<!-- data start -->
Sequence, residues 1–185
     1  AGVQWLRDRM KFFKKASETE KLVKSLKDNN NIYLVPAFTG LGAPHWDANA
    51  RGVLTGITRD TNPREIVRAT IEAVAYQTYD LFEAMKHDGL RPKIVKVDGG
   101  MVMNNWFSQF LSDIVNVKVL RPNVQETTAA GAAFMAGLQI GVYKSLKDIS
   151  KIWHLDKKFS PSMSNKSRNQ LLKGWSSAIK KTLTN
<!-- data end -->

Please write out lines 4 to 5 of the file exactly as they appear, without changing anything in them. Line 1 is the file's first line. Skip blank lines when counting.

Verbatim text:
   101  MVMNNWFSQF LSDIVNVKVL RPNVQETTAA GAAFMAGLQI GVYKSLKDIS
   151  KIWHLDKKFS PSMSNKSRNQ LLKGWSSAIK KTLTN